Regulations that support the operation of the Act.
The person nominated as the electoral commissioner in accordance with section 18 of the Act.
A document detailing information on the receipts and expenditure of participants in the political process. There are specific return forms for candidates, their donors and political parties. Financial disclosure return forms for candidates are made public 24 weeks after election day.
A ballot paper is generally considered formal if it is filled out correctly in accordance with the Act and the instructions on the ballot paper. It is therefore included in the scrutiny.
A re-check of votes cast in a House of Representatives election, conducted by the DRO in the days following election day.
Cards provided to voters by candidates showing how a party or candidate would like voters to fill in their ballot papers.
A ballot paper is generally considered informal if it is not filled out correctly in accordance with the Act and the instructions on the ballot paper. It cannot therefore be included in the scrutiny.
Polling officials who issue ordinary ballot papers to electors whose names are found on the certified list of voters, mark the certified list, complete the account of ballot papers and assist with the count of ballot papers after the close of poll.
The part of the polling place where ballot papers are issued to electors.
A team of polling officials who bring the polling to the elector. They visit electors in locations including nursing homes, prisons and remote locations to enable them to vote.
The approved form which must be used by a candidate nominating for election. There are also five forms for the Senate, and three forms for the House of Representatives, one of which is the bulk nomination form.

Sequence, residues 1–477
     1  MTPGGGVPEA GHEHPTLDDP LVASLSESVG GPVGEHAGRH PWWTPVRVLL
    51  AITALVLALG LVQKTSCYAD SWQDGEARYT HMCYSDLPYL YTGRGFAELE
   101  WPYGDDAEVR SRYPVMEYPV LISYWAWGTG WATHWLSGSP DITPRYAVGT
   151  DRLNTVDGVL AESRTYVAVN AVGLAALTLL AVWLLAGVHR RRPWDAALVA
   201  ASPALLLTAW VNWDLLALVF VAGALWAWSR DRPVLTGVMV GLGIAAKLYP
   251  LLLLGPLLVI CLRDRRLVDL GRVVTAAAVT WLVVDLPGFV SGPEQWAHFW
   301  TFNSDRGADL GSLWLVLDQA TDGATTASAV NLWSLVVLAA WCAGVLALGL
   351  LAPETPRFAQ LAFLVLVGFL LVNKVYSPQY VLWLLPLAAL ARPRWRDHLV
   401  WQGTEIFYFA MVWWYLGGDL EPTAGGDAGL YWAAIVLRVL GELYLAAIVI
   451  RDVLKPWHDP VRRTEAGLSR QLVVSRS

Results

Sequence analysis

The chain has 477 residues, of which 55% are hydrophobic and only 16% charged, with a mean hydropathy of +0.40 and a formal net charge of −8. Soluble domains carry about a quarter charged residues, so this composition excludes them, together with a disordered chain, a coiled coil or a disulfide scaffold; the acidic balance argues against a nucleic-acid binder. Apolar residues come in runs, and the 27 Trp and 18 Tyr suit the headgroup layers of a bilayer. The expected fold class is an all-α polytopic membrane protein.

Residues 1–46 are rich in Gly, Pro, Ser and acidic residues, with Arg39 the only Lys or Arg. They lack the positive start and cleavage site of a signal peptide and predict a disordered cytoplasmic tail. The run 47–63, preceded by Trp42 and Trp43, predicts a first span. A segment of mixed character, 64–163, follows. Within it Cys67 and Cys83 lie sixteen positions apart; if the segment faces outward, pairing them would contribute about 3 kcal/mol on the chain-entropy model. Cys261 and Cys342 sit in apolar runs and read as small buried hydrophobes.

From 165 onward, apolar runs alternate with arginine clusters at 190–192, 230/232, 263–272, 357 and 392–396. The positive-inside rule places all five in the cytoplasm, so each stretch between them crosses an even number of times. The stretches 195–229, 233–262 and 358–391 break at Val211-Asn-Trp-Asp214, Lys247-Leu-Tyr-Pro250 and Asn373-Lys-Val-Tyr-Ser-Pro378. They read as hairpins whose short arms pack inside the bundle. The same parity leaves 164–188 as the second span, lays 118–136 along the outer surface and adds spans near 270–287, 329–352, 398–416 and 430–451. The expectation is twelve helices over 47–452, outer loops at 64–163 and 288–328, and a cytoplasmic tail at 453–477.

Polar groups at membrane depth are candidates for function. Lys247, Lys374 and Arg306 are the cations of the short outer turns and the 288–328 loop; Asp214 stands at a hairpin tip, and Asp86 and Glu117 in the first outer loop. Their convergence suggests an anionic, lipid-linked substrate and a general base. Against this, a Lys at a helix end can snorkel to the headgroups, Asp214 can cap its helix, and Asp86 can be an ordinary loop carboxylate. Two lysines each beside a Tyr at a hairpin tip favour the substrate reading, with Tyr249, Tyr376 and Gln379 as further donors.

The officer who is in charge at a polling place. They are called 'Presiding officers' during polling (8am to 6pm). From 6pm, during the scrutiny, they are called the Assistant Returning Officer (ARO).
An ordinary vote is recorded by an elector whose entitlement to vote is verified at the place of polling and whose name is marked off on a certified list of electors. Ordinary votes may be cast on, or in certain circumstances, before election day. These votes are counted on election day after the close of voting.
There are two categories of polling officials, those who are required to work in the period before election day to assist with mobile and early voting, and those who are required to work in a polling place on election day only.
A place appointed to take the votes of electors on election day.
The AEC uses this term to describe the declaration vote envelope specific to postal voting on which the elector declares their entitlement to vote.
A system of voting in which the voter completes the ballot paper by putting the number '1' in the box next to the candidate who is their first choice, the number '2' in the box next to their second choice, and so on until every box is numbered. This is called Full Preferential Voting and is the method used in the House of Representatives.
Preferential voting systems can also operate with further rules/minimum thresholds. This is the method of voting in a Senate election, where the voter completes the ballot paper above the line by putting the number '1' in the box next to the group of candidates who is their first choice, the number '2' in the box next to their second choice, and so on up to at least 6. Below the line voting is for individual candidates and the voter must preference at least 12 candidates. The voter can indicate further preferences both above the line and below the line if they so wish.